The analysis is too detailed to summarize easily, but the overall conclusions are that the myth reflects an assumed and accepted erotic relationship between the goddess Artemis and the mortal (or nymph) Callisto which is disrupted by Callisto’s rape and pregnancy, in most versions by Zeus either disguised as, or transformed into, Artemis. This disruption results in Callisto being excluded from Artemis’s all-female community, her transformation into a bear, and her death or transformation into a constellation (or both). The myth is, in part, an origin story for Callisto’s son Arkas (who is associated with the founding of Arcadia), and is in part a symbolic narrative of the passage of a maiden in the company of other maidens, into the normative experiences of society (sex with men, pregnancy, motherhood).
There is one known classical era artwork depicting the Callisto myth: a silver vessel dating to the 3rd century CE in Spain with scenes of four of Jupiter’s transformations for the purposes of seduction/rape.
Several other aspects of the myth are touched on separately. Although there are several Greek myths with the motif of sex/gender transformation, the Callisto myth is the only one where the transformation is for the purpose of sexual access. The transformation would make no sense unless Callisto were only receptive to a female lover.
Another key motif in most of the versions of the myth is a bathing scene, during which Callisto’s pregnancy (and therefore her rape) is revealed. There is a discussion of a bathing motif being involved--in several different contexts--with the perception of essential female nature. E.g., men encountering either Artemis or Athena bathing and being punished for it. A shared trait is that the two goddesses both have external attributes of masculinity in dress or habits, and therefore these encounters reveal the contrast in sex and gender.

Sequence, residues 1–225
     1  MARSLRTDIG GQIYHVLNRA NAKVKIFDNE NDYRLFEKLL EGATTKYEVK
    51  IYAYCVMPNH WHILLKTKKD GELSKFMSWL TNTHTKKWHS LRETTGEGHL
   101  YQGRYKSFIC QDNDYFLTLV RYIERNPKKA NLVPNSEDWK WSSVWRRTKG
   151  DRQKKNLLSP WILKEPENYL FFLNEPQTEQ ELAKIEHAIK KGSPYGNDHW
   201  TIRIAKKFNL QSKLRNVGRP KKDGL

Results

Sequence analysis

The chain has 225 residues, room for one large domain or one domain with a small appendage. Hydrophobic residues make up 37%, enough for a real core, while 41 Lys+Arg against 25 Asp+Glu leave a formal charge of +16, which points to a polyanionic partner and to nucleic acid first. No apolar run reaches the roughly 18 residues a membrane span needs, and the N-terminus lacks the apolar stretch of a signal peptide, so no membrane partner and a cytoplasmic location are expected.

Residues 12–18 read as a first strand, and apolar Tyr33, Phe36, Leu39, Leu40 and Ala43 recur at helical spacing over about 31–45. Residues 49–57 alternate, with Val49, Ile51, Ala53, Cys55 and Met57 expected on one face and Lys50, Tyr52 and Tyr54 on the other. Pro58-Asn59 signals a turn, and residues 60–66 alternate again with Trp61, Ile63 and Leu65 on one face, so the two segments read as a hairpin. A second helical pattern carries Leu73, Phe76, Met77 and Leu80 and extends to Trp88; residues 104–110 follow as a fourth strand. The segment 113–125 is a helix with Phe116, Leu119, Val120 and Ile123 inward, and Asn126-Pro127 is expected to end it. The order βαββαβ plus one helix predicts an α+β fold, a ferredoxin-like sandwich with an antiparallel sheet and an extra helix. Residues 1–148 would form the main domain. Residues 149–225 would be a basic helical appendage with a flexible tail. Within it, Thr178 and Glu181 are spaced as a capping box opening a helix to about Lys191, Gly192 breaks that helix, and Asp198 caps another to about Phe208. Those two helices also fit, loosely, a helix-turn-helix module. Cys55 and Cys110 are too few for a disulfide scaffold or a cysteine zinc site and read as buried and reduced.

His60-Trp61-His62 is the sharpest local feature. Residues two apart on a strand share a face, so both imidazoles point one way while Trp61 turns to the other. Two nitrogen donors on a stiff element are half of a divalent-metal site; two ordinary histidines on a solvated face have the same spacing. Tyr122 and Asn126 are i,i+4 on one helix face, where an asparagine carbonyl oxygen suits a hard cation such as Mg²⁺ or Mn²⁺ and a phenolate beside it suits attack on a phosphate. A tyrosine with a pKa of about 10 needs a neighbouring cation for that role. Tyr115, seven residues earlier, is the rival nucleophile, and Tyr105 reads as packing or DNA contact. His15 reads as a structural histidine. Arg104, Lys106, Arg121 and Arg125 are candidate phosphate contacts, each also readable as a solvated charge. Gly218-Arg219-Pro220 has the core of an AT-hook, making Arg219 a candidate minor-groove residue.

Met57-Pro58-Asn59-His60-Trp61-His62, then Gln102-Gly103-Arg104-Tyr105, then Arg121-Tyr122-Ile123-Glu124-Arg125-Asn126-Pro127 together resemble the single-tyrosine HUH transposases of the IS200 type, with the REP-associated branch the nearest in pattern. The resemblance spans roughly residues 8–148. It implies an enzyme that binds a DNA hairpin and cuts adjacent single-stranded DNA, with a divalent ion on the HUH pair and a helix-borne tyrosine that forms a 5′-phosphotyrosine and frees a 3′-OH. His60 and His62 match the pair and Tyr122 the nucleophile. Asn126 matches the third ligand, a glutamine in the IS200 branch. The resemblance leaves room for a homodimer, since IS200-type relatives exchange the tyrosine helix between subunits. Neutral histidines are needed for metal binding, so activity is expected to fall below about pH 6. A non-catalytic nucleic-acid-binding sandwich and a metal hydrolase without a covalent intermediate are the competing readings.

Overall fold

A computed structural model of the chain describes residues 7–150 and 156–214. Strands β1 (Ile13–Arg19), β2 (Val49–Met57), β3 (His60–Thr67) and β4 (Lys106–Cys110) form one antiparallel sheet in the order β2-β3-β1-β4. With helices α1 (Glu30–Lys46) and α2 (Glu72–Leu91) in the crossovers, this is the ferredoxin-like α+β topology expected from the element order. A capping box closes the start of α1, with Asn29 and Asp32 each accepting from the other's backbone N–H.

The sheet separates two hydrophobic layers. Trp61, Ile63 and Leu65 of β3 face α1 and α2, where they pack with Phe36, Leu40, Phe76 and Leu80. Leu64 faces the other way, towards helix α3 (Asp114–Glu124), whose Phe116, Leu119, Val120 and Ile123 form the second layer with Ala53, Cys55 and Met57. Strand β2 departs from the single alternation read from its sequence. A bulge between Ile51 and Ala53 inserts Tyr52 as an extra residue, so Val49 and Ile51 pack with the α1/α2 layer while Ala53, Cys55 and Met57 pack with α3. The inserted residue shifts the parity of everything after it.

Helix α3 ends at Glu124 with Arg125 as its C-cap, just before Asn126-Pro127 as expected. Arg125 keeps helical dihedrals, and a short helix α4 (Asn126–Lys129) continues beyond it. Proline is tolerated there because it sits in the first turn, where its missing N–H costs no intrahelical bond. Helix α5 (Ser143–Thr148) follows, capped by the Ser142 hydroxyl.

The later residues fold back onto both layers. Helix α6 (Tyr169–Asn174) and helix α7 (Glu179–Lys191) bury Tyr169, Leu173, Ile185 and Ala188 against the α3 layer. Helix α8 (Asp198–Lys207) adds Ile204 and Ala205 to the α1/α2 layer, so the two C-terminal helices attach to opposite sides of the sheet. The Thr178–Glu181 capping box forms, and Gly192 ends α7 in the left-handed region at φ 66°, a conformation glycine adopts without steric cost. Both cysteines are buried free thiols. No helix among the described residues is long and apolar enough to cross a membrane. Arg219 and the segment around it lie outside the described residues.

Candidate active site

There is a passing note of another story similar to Callisto’s. A girl, Polyphante, rejected the sexual relations associated with Aphrodite (i.e. male-female) in favor of being Artemis’s companion. In revenge Aphrodite made her lust for a bear, which outraged Artemis who sent wild beasts to attack her. There is still an underlying theme of erotic love between women here.
I'm working on whittling down my email in-box, which included an email reminder to myself to copy this item over from Goodreads. (I often email myself "to do" items. It may not be a great system, but it's a system.) The question concerns the title of the book by Fortunatus that forms one of the first intellectual connections between Margerit and Barbara in Daughter of Mystery. I've left the question in the informal Q&A format in which it appeared on my Goodreads page.